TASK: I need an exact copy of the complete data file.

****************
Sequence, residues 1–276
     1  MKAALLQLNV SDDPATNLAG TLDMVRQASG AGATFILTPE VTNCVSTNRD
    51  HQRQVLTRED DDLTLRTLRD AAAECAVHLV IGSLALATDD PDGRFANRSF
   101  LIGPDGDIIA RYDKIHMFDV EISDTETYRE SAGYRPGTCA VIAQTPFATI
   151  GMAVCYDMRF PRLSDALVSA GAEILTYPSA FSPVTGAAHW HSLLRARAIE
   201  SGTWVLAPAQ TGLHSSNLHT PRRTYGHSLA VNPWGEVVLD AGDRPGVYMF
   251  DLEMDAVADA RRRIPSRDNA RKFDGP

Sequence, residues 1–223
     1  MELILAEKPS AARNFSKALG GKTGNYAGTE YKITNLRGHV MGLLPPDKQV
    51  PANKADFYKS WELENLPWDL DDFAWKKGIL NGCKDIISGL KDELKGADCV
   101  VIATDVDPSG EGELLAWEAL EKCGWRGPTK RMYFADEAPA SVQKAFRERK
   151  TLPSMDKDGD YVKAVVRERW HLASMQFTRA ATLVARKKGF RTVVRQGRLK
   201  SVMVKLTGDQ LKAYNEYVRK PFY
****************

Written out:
Sequence, residues 1–276
     1  MKAALLQLNV SDDPATNLAG TLDMVRQASG AGATFILTPE VTNCVSTNRD
    51  HQRQVLTRED DDLTLRTLRD AAAECAVHLV IGSLALATDD PDGRFANRSF
   101  LIGPDGDIIA RYDKIHMFDV EISDTETYRE SAGYRPGTCA VIAQTPFATI
   151  GMAVCYDMRF PRLSDALVSA GAEILTYPSA FSPVTGAAHW HSLLRARAIE
   201  SGTWVLAPAQ TGLHSSNLHT PRRTYGHSLA VNPWGEVVLD AGDRPGVYMF
   251  DLEMDAVADA RRRIPSRDNA RKFDGP

Sequence, residues 1–223
     1  MELILAEKPS AARNFSKALG GKTGNYAGTE YKITNLRGHV MGLLPPDKQV
    51  PANKADFYKS WELENLPWDL DDFAWKKGIL NGCKDIISGL KDELKGADCV
   101  VIATDVDPSG EGELLAWEAL EKCGWRGPTK RMYFADEAPA SVQKAFRERK
   151  TLPSMDKDGD YVKAVVRERW HLASMQFTRA ATLVARKKGF RTVVRQGRLK
   201  SVMVKLTGDQ LKAYNEYVRK PFY